DC: One, his overall conditioning. He’s in the best shape since I’ve been around him, the year and a half that I’ve seen. His body is slim and trim, his body fat is down, he’s been in Vegas working with Coach Gerg (Tim Grgurich) and Sean Sweeney all summer religiously, two and three times a day. That in itself is going to pay great dividends. Watching him in pickup games, he’s running like a deer. His decision making, I think the 3-point shooting experiment, we kind of put that on hold in the second part of the year last year but still, catching the ball on pick and roll, making decisions, he’s doing a great job of that – a much better job than he did last year. That’s something he’s worked on this summer, making the right read, the right decision. With him, teams try to go small with a guy 6-7, 6-8, he has the ability and agility and speed and quickness that he can get out there and guard those guys. That gives him an advantage on the other end, where now I’m in a pick-and-roll situation, he’s got a 6-7 five man in front of him, he still can jump hook over him or kick out. That’s the part of his game, he’s doing a much better job with, his decision making. The third thing will be his finishing, finishing around the rim. He’s such a great offensive rebounder that he’s got to be able to finish once he gets it because he does a great job of crashing the boards and dominating the boards.
KL: Let’s circle back to Reggie Jackson for a minute. We’ve talked about his physical status, but last season you acknowledged that he would have the biggest adjustment of all because he would be asked to play a significantly different role in your offense than he’d been asked to play before that. Was part of his second-half surge maybe coming to terms with that adjustment, too?
DC: He did. He had to change his game a lot because he didn’t dominate the ball as much as he had, which is no disrespect or criticism how Stan (Van Gundy) used him at all. We went through the same transition in Toronto with Kyle Lowry. But the addition of Blake and the growth of Blake in being a quarterback and ballhandling, expanding Andre’s role of handling the ball, Reggie got a rhythm and a feel of “if I don’t have it, I’m not standing back here waiting for the outlet pass, I’m running my butt down the floor, getting in the corners,” and I thought that helped free him up for his 3-point shooting, which those numbers went off the charts toward the end of the year. That is what he got comfortable with and got in a rhythm with is playing off of Blake, where earlier in the year he was – other than the physical challenges of getting past the injury and getting back into top condition and full strength – just the understanding of OK, how am I going to score, how am I going to get a shot, how am I going to stay in the shot spectrum with my decision making, how am I going to do that? And he did a heck of a job the second part of the year of growing into that role.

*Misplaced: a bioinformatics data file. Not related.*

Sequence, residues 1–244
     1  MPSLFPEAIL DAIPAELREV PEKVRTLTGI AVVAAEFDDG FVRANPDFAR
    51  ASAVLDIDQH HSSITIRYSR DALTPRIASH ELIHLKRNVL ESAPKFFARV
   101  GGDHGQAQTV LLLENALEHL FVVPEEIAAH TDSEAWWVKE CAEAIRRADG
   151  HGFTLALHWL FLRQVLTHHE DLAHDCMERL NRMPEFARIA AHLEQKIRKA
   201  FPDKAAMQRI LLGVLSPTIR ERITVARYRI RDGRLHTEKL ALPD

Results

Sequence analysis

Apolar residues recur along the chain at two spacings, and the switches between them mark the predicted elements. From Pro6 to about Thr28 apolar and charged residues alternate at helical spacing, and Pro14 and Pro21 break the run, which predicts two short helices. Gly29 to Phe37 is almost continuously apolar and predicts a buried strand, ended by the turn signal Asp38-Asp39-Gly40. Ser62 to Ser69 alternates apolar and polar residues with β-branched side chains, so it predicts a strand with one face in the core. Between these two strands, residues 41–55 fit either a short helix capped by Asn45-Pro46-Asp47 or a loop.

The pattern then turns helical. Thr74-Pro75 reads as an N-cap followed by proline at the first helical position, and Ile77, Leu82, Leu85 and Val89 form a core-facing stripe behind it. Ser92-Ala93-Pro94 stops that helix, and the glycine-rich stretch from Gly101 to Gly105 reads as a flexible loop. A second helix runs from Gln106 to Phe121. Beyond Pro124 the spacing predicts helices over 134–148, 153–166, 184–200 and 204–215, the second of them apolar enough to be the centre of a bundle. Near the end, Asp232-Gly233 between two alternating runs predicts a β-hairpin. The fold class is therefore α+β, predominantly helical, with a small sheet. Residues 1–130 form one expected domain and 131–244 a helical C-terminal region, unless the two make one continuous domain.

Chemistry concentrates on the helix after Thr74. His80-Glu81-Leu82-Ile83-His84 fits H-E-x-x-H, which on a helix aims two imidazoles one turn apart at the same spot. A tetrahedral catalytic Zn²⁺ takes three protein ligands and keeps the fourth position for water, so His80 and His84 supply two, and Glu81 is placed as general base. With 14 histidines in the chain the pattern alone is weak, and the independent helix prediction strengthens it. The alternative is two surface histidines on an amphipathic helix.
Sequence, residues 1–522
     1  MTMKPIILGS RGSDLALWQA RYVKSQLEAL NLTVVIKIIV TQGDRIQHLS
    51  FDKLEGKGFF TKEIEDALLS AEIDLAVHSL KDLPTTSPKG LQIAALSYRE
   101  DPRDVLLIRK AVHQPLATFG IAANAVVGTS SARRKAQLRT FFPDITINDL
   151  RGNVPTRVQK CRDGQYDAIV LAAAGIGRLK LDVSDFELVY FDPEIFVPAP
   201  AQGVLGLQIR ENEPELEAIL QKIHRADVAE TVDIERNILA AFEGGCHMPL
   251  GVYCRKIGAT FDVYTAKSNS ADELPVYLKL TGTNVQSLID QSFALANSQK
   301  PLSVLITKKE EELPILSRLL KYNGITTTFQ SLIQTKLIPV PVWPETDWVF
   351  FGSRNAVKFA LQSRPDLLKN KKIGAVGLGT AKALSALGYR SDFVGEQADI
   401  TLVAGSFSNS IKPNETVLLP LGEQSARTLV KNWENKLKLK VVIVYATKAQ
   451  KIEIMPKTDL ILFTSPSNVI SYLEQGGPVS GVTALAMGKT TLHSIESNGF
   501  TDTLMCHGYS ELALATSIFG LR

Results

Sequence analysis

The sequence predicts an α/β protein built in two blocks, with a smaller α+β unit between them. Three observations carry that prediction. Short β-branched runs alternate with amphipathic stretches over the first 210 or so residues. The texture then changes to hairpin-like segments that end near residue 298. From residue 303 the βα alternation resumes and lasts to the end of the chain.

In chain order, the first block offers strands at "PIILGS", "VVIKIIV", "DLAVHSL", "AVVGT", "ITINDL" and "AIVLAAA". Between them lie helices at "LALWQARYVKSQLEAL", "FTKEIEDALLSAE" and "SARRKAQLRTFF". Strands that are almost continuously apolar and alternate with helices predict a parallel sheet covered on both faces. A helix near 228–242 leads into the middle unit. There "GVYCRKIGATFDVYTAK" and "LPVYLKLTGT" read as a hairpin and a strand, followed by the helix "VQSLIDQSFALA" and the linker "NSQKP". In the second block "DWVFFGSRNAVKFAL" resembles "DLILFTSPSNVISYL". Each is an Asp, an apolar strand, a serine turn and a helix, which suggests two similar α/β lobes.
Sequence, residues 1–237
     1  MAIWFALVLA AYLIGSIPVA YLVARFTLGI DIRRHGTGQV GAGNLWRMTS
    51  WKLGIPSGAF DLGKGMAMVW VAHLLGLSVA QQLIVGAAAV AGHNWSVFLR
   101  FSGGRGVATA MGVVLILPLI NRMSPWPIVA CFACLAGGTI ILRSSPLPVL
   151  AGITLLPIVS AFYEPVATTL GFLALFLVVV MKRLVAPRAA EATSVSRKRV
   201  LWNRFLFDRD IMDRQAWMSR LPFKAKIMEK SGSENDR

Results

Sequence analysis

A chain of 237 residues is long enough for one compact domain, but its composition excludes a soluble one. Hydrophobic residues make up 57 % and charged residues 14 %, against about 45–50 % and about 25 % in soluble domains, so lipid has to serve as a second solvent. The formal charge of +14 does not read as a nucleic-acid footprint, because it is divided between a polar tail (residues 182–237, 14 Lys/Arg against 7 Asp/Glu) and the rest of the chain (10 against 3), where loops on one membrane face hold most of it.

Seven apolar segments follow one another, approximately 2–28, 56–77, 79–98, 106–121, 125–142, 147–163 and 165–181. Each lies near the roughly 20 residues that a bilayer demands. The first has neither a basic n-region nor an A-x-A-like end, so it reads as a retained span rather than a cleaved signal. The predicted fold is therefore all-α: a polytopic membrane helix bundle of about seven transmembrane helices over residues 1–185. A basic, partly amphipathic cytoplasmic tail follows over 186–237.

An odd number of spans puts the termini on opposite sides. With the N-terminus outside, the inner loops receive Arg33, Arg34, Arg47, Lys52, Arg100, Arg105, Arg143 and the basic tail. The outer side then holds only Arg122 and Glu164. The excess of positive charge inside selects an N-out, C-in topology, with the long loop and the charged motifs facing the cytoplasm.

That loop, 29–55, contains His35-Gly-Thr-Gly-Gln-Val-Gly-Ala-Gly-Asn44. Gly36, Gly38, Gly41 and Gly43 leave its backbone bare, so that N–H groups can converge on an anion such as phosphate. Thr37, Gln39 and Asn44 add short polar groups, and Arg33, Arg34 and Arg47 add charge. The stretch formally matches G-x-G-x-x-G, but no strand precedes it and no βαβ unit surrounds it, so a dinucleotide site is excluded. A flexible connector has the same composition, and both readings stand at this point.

KL: Another guy at the heart of your second-half surge last year was Luke Kennard. Going into his third year now and coming off of a mostly healthy summer, which he didn’t have last year, do you see the possibility of Luke taking another big step?
DC: No question. Third year, I thought he had probably the best playoff run of anybody we had as far as scoring the ball, shooting the ball, played with tremendous confidence. I see Luke having a big year this year, playing with a confidence, run a lot of offense through him with the second unit – first or second, I’m not going to make a total decision right now which way we’re going to go with that. But if he’s with the first unit or the second unit, he does a great job of quarterbacking and pick-and-roll game and if he’s in there with Reggie and Derrick, then he can spot up a little bit more at the three. He’s going to be a Swiss Army Knife for us at the offensive end. He can play a lot of different roles, but his playmaking ability is really the area that’s taken a big step. Staying healthy for Luke, he had some tendinitis this summer in his knee that he’s hopefully getting back 100 percent healthy going into the season. He’s another guy like Reggie that missed a lot of the contact work in training camp and then hurt his shoulder, set him back some. Hopefully this year – knock on wood – he’s ready to go. We need his shooting. He’s one of the best 3-point shooters around.
In Friday’s final segment of Casey’s Q&A, he talks about Bruce Brown and last year’s other rookies, Khyri Thomas and Svi Mykhailiuk, plus Thon Maker and wraps up with his expectations for the season ahead.